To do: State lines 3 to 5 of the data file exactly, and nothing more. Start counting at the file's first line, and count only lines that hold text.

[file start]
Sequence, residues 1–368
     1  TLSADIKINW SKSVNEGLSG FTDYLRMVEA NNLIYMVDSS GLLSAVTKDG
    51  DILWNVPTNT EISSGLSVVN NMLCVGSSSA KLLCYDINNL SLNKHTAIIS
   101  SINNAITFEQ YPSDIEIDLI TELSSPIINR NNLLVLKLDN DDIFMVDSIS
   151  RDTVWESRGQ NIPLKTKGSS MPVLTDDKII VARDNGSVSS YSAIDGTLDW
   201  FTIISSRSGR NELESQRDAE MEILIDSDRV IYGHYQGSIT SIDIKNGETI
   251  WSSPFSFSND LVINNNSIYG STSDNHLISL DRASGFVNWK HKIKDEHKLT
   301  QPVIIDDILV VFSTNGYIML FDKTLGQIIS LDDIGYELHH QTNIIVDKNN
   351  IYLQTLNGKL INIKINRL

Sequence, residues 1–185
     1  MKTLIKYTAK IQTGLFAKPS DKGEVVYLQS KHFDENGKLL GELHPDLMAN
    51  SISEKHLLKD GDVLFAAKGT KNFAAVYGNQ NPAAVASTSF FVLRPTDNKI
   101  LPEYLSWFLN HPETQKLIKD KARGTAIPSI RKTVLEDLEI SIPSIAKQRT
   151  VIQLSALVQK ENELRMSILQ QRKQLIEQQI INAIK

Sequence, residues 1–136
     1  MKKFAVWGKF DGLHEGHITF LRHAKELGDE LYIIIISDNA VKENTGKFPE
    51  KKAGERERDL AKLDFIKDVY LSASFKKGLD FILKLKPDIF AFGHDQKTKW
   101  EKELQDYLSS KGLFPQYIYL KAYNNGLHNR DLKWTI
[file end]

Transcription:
    51  DILWNVPTNT EISSGLSVVN NMLCVGSSSA KLLCYDINNL SLNKHTAIIS
   101  SINNAITFEQ YPSDIEIDLI TELSSPIINR NNLLVLKLDN DDIFMVDSIS
   151  RDTVWESRGQ NIPLKTKGSS MPVLTDDKII VARDNGSVSS YSAIDGTLDW